"If I were you, I would not go to Russia," was the advice my accompanist Mikhail gave me concerning our upcoming trip to his former country. Having escaped from the Ukraine shortly after the Chernobyl incident he was understandably wary of the former Soviet Union and felt he was doing me a favor cautioning me not to go, but the Russia we entered in June of 1996 was a fascinating place filled with history and beauty and well worth the few trials (mostly culinary) that we encountered as tourists.
Of course, there was the morning we needed to leave Russia for Armenia where Paul would rehearse the world premiere of his second piano concerto. I had worked out the tour so that we could stop in Paris and Stockholm and fly safely on Air France, but the only route from Moscow to Yerevan, Armenia was, sadly, on Aeroflot. I had heard whisperings of the mess Aeroflot was in and believed every word of it. But since there wasn't a choice, we left Moscow early one bright sunny morning and were taken to the wrong Sheremetovo airport. Because we looked like tourists, we were taken to the airport that flies to Europe, the States and Asia but when we realized that we needed to get to the other airport (with the same name) that flies to internal locations in the former Soviet Union, a five mile distance from where we were, there was a cab driver ready to scoop thirty dollars out of our pockets although we'd paid in advance to be taken to the correct location.
To our great horror, as we pulled closer to the correct airport there was an Aeroflot jet burning up in flames on the runway in direct view of anyone approaching the airport! I looked at Paul in shock with the idea that this definitely counted as a bad omen and that we should have stayed in bed that morning, but he announced that the bad luck had already happened and we'd be perfectly safe flying. Which we were.
And there was that other morning we returned from Yerevan and needed to be in transit from Moscow to Stockholm and discovered that there isn't a concept of " in transit" in Russia for tourists trying to travel on their own. Granted, I had organized an insane day of traveling from Armenia to Moscow to Paris for a three hour stopover on our way to Stockholm, because I always try to make the most out of any traveling and see everything there is to see. We were told at the airport gate that we'd have to wait for the American consulate to open in five hours (after our flight had departed) and that we'd have to spend four more days in Moscow while a visa was processed since we'd entered Russia illegally. I tried to calmly explain that we'd tried to get a visa valid through the date we needed to set foot briefly on Russian soil in transit but were refused because we would not have a hotel and thus no address to fill in a blank on the Russian form. I was assured at home by our travel agency that this would present no problems ( a travel truth: if anyone says "no problem" you can be sure the opposite is true) but there we were at the Russian Air France counter being told that we were to be imprisoned, well, detained, another four days in Moscow.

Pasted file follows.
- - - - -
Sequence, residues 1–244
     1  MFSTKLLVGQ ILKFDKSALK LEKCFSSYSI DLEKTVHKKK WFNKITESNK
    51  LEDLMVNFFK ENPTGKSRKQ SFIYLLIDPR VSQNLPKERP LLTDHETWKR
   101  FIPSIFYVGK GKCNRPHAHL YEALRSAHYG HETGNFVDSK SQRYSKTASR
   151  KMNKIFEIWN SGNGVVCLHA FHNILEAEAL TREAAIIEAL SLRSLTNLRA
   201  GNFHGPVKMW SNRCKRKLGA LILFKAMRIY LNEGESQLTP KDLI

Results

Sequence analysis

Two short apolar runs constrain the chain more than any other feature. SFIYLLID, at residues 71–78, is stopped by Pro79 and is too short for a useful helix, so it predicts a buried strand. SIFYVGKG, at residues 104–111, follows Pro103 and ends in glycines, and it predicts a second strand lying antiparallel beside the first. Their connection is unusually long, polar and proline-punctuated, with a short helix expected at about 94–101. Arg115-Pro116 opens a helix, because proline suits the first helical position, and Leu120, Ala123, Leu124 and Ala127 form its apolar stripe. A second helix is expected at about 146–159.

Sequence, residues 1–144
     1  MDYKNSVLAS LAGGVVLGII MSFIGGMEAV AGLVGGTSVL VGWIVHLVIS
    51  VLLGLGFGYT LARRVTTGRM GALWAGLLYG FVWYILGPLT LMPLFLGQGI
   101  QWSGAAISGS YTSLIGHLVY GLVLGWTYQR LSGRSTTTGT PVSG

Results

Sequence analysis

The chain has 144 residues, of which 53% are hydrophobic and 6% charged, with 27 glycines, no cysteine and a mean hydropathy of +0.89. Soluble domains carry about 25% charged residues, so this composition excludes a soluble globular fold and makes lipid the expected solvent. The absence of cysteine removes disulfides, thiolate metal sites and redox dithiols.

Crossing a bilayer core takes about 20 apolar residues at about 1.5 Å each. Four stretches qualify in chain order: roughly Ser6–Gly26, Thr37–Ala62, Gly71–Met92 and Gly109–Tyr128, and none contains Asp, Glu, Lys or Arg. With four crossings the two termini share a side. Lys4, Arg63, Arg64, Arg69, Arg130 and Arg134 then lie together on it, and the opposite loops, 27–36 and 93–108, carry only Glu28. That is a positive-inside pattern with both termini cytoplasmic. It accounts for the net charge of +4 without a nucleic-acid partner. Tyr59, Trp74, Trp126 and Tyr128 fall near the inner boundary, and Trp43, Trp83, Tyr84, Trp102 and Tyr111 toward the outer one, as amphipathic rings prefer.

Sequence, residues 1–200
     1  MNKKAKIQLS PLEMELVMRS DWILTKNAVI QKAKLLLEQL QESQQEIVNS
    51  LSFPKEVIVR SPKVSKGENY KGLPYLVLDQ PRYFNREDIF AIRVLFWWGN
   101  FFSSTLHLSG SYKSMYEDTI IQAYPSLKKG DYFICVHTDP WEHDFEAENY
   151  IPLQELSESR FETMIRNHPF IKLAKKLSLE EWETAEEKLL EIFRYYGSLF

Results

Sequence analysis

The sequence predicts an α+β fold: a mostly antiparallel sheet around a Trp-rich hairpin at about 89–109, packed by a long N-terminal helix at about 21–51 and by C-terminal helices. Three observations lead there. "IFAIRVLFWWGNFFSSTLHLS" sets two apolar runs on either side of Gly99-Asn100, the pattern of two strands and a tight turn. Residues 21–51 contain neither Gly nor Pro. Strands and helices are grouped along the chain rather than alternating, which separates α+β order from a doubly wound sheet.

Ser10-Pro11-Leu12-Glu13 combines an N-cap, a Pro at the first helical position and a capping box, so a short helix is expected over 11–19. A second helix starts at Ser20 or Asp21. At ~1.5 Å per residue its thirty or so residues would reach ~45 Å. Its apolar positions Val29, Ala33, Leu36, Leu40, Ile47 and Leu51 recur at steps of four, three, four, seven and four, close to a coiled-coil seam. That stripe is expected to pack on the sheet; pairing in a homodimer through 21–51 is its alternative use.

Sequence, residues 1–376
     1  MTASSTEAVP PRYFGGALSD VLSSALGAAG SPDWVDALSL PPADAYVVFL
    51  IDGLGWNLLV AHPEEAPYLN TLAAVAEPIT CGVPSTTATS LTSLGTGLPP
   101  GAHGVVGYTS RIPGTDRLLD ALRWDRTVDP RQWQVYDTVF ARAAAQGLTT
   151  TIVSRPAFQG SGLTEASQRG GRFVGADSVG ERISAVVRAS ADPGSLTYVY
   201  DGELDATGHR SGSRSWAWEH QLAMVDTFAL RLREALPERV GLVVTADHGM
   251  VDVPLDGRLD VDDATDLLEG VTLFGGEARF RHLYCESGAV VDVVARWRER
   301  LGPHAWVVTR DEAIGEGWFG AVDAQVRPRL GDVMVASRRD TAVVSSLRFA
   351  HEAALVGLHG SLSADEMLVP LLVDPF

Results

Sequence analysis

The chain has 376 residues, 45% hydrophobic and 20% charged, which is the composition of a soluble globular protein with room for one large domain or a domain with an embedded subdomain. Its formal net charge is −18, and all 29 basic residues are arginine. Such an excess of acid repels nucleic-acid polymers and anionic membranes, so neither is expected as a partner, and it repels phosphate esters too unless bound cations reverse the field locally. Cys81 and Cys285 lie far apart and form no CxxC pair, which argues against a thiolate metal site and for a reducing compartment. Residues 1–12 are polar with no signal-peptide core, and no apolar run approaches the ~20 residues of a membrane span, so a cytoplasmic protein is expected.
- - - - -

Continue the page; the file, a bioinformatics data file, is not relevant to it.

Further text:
Unfortunately (or fortunately) the ugly American in me swept up through my body in a ball of rage and seething with anger at the stupidity of bureaucratic nonsense I set forth on a noisy and vicious tirade at the top of my lungs. The poor workers at the counter looked at me as if I'd lost my mind and cautioned me to put my luggage on the standby counter and to take my chances on getting through passport control. Clearly, they did not think I'd get through without a valid visa and did not look forward to my return. My heart sank as I approached the passport control counter and spied a woman at the desk. I tend to count on feminine charms to get me out of bitter messes such as this but I'd have to rely on old fashioned good luck this time. Handing over every little piece of Armenian paperwork in my possession along with a copy of my reservation at a hotel waiting for me in Stockholm I tried to explain to the passport woman that we were in transit and so on. She took a good look at me, shook her head, and to my great joy stamped our passports and we were out of Moscow within the hour.
Anyone who says that times are not changing in Russia should take note of this true story. A dozen years ago we might still be waiting in the Moscow KGB office where they say one has an excellent view of Siberia.